According to data from the Healthy Minds Network, an average 32 percent of college and university students are dealing with some type of mental illness. However, of those 32 percent of students who are dealing with some type of mental illness, only about 40 percent of them actually seek any kind of help.
Let’s put that into perspective: in the 2015 academic year, the University of South Carolina had around 25,000 undergraduate students. That means that around 8,000 students dealt with some type of mental illness, but only around 3,200 students actually sought help for their mental illness.
A 2012 study by the National Alliance on Mental Illness reported that there has been a significant increase in the frequency and severity of students reporting a variety of psychological distress. This psychological distress reported by students varies from pre-existing mental health conditions, short-term or situational mental health problems-such as temporary anxiety and stress from classes or relationships, or any combination thereof. In fact, about 95 percent of school and university administrators agree that mental health is a significant issue at their respective educational institution.
Now, given all these studies and alarming statistics, the big question is: “what is the overpowering reason that so many college and university students are not seeking help for their mental issues?” The answer is simple: negative stigma that surrounds seeking mental help. Some students may see seeking help from a professional as intimidating, some see it as admitting a huge weakness, and some students simply do not know where to begin seeking help within the campus mental health resources. This is where Gamecock Reach comes in.
Gamecock Reach is a new up and coming student organization at the University of South Carolina. This new organization aims to de-stigmatize seeking help for mental health related issues. Gamecock Reach creates a very comfortable and nonjudgmental atmosphere by offering a peer listening service, where students are able to drop by the Office of Multicultural Affairs in the Russell House West Wing during designated hours and talk with the peer listeners. “I think Gamecock Reach is a great way to make mental health discussions more approachable. And hopefully once this program really takes off, people on campus will feel less afraid to talk about mental health or use our school’s resources” said Annie O’Halloran, who is a peer listener and also serves as the Gamecock Reach marketing director.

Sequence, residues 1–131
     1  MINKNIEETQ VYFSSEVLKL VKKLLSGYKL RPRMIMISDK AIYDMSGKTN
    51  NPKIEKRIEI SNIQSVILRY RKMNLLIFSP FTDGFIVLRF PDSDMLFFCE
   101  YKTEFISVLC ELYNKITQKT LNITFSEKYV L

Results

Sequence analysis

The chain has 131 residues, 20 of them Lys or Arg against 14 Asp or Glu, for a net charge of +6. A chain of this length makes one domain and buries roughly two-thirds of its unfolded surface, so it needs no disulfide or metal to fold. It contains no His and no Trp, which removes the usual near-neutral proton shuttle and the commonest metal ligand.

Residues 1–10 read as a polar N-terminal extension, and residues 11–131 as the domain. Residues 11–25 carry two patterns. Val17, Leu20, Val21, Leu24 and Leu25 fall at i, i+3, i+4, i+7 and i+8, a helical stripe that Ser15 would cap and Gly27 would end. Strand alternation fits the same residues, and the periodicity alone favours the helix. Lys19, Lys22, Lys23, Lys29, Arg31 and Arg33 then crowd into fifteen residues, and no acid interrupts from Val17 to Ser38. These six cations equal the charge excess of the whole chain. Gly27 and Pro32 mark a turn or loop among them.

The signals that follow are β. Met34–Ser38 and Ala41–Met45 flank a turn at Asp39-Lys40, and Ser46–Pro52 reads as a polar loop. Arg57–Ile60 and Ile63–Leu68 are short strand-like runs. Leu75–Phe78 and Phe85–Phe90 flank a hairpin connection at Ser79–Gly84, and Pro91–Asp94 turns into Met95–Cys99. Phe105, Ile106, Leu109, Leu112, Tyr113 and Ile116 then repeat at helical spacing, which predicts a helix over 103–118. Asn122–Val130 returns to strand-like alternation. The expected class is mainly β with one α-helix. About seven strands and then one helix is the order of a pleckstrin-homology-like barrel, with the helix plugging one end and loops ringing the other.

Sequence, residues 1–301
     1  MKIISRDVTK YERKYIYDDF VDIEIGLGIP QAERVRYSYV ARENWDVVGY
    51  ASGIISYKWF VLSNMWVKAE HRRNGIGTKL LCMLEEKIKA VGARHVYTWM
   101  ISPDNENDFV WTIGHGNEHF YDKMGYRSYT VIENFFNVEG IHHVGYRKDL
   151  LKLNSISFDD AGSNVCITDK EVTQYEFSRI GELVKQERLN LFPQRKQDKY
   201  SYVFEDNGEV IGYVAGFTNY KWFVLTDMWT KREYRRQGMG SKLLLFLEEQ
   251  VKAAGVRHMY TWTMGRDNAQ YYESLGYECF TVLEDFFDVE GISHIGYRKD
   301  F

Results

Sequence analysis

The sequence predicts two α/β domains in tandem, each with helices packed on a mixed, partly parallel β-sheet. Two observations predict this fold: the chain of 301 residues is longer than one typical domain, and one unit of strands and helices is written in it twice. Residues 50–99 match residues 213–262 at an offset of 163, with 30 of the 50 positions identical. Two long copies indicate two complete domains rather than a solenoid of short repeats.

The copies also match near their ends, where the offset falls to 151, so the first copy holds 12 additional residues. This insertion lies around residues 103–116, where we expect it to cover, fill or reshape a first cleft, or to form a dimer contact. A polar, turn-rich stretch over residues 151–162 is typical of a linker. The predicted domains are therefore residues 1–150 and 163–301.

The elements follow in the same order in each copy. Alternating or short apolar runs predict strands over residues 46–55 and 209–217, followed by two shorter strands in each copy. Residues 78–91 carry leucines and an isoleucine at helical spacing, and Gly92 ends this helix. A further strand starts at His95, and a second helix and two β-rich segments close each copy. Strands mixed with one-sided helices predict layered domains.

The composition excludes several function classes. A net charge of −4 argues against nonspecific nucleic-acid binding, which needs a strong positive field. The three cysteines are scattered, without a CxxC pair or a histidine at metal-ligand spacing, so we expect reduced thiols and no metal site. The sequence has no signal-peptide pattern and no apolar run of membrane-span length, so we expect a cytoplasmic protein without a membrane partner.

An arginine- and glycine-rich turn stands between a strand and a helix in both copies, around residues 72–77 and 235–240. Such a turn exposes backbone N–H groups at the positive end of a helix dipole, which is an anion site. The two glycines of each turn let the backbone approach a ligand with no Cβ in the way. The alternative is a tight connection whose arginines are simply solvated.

Peer listening, which also can be called peer counseling, is very different from regular counseling from a mental health professional. In peer listening, the “listener” is an undergraduate student who provides nonprofessional guidance in order to aid their peers. In turn, when students come to peer listeners with low level issues-such as anxiety from classes or stress from friend or roommate problems, the peer listener is able to guide the person to the right resources they may need, whether it be on campus or within the Midlands community.
The Gamecock Reach peer listeners are trained in mental health advocacy, especially with mental health services on campus and around Columbia. Many of the peer listeners are psychology majors, or have psychology as their minor, but anyone is welcome to become a peer listener. Peer listeners are selected through a rigorous application and interview process. After they are chosen, the peer listeners then begin their training in mental health advocacy and then they can begin. “Our job as peer listeners is not the same as therapists, but our goal is to make students feel more comfortable talking about their stress or problems, and then also become that middle man to help students get in touch with the right resources that they may need,” explained Annie O’Halloran.
During an average peer listening session, you can expect a non-judgmental and empathetic person to listen to your issue, and then create a discussion on options for a successful outcome to your specific problem. Gamecock Reach specifically strives to solve smaller problems before they can create a much larger and more complex problem. Also, everything you discuss with a peer listener during a session is completely anonymous, except in cases here it is mandatory to report, such as harming yourself or others.
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